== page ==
And since calorie databases—the tool most people use to track calories and macros—can be off by as much as 20 percent, the five percent difference here is negligible for most.8
Make no mistake: Hand portions aren’t as accurate as macro tracking. But they are accurate enough to help you consistently track your food intake, and reach your goals. And that’s what really matters.
Hand portion tracking works well for…
People with busy, messy, complex lives. So basically everyone. Compared to scales and tracking apps, hand portions make it far easier to consistently gauge how much you’re eating.
Most body composition goals. Unless you’re chasing extreme results against a non-negotiable deadline—for instance, you get paid for how your body looks or performs—hand portions can get you where you want to go.
Hand portions are less ideal for…
People with the most aggressive goals. Professional physique athletes and models may need a more precise strategy. It’s the same with athletes who need to cut weight or reach a specific body fat percentage—such as in preparation for a UFC fight. Keep in mind: These people are essentially being paid to eat this way. It’s part of their job. And that comes with tradeoffs.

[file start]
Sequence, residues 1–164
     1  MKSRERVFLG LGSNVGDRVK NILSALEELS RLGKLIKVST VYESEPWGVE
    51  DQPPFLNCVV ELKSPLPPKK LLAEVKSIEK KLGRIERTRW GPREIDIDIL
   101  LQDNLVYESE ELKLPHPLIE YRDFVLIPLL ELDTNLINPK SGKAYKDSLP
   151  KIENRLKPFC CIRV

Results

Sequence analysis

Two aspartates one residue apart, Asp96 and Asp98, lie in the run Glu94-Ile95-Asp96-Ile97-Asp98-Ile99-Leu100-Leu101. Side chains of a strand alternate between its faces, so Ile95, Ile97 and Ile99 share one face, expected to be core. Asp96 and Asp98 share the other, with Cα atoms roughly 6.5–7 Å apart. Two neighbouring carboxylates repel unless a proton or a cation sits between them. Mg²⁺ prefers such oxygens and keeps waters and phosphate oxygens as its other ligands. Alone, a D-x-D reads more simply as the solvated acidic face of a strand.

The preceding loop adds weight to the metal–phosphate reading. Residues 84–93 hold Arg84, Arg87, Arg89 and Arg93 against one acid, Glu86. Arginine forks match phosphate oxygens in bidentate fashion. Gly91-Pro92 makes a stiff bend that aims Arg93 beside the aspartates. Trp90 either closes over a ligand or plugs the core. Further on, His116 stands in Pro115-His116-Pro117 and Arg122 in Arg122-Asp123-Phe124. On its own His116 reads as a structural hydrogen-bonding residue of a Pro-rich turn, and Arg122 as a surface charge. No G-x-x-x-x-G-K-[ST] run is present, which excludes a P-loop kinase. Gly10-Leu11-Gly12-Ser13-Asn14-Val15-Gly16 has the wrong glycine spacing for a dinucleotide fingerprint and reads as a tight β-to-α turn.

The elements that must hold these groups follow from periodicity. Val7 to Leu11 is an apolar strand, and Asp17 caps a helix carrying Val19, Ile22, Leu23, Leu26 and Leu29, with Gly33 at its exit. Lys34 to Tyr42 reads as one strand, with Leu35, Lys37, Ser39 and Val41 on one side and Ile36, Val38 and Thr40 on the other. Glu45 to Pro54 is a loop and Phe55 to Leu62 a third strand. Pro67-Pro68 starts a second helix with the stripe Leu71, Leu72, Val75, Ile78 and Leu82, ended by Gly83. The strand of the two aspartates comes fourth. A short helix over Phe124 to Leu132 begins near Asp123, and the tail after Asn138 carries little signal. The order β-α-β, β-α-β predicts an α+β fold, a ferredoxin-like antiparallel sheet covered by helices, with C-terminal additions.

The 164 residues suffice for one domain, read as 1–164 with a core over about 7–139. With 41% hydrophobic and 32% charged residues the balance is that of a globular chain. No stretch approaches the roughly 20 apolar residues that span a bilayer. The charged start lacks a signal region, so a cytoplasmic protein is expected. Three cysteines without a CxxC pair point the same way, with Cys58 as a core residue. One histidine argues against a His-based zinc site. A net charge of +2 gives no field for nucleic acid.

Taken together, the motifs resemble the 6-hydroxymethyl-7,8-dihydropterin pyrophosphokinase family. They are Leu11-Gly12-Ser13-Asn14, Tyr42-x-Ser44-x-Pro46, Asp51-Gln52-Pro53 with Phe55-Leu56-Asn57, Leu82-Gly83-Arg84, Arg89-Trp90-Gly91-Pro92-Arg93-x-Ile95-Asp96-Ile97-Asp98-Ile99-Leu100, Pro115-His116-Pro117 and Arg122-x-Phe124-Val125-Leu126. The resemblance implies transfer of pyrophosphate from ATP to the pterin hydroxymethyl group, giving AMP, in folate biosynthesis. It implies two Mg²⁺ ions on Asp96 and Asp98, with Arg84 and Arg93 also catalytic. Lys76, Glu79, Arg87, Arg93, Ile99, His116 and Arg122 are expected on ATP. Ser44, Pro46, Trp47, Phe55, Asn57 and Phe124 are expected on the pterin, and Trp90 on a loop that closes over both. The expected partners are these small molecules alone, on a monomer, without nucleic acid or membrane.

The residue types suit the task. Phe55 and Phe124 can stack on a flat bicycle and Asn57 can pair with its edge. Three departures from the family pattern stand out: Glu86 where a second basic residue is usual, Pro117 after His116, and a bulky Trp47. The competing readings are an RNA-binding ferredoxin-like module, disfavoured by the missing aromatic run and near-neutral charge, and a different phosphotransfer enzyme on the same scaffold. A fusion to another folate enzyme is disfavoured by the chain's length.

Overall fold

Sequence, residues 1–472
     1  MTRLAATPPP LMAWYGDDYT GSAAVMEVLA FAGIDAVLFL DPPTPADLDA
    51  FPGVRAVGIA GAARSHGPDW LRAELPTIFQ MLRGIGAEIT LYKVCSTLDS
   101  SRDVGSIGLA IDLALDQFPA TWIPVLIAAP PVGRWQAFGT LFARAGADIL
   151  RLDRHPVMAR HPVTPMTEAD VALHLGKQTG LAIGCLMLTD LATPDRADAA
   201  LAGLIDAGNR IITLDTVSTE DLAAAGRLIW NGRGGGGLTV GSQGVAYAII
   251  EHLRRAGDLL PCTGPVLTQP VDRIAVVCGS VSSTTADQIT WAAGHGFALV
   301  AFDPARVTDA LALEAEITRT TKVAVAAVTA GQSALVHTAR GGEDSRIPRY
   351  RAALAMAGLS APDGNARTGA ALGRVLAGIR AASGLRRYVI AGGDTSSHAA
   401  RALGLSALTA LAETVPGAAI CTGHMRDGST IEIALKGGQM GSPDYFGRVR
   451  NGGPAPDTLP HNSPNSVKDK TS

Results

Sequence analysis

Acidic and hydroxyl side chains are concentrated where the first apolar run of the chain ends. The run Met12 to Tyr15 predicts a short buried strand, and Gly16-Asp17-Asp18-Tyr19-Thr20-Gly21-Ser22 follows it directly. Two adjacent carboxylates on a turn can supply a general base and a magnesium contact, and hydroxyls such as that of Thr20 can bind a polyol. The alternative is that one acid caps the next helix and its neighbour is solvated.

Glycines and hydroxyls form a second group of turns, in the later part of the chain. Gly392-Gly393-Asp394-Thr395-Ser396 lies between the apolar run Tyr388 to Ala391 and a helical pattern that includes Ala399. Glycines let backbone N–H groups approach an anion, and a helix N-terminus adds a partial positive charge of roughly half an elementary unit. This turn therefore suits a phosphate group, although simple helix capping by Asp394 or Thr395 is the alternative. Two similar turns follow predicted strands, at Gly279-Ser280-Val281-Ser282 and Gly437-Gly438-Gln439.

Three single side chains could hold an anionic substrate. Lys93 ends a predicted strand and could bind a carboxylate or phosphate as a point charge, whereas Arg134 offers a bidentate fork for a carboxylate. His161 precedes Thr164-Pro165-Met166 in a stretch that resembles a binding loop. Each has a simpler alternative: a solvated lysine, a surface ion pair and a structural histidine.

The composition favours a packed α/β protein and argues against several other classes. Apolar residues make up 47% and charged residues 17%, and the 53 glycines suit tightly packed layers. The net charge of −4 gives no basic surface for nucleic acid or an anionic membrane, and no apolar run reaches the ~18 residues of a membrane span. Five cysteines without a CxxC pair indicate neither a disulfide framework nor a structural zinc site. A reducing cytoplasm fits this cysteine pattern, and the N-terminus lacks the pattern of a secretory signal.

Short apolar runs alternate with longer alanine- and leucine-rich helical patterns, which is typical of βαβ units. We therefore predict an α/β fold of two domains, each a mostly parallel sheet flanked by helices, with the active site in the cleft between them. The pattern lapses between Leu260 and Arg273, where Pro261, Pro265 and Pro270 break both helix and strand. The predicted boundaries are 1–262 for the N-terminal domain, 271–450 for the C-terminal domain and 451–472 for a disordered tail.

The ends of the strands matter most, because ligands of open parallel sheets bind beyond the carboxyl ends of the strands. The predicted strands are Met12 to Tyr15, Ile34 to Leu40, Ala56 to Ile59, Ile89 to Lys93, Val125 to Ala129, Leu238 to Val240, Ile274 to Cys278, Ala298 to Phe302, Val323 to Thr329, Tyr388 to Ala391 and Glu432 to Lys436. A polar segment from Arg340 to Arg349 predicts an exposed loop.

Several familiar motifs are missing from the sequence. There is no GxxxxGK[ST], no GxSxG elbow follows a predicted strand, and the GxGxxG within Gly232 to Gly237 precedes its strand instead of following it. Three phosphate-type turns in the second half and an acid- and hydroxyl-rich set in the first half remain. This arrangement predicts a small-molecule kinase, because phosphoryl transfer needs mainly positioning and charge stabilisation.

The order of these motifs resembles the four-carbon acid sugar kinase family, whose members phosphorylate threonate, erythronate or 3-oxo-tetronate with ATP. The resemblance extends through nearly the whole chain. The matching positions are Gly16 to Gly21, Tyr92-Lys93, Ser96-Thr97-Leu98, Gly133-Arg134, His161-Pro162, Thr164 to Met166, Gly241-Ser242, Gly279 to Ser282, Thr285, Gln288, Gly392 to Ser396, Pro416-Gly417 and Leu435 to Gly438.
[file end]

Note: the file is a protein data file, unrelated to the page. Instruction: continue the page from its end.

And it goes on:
Method #3: Mindful and intuitive eating
Mindful eating means paying attention to the experience, feelings, and sensations you have around eating. Practices like eating slowly and eating until 80 percent full are a part of mindful eating. Instead of focusing on eating certain types or amounts of food, mindful eating teaches you how to regulate your food intake by noticing how your body and mind feel when you eat.
Intuitive eating is a similar system, but it rejects “diet” messaging and culture. Intuitive eating wasn’t originally intended to achieve a specific body composition goal, but rather to improve your overall relationship with food.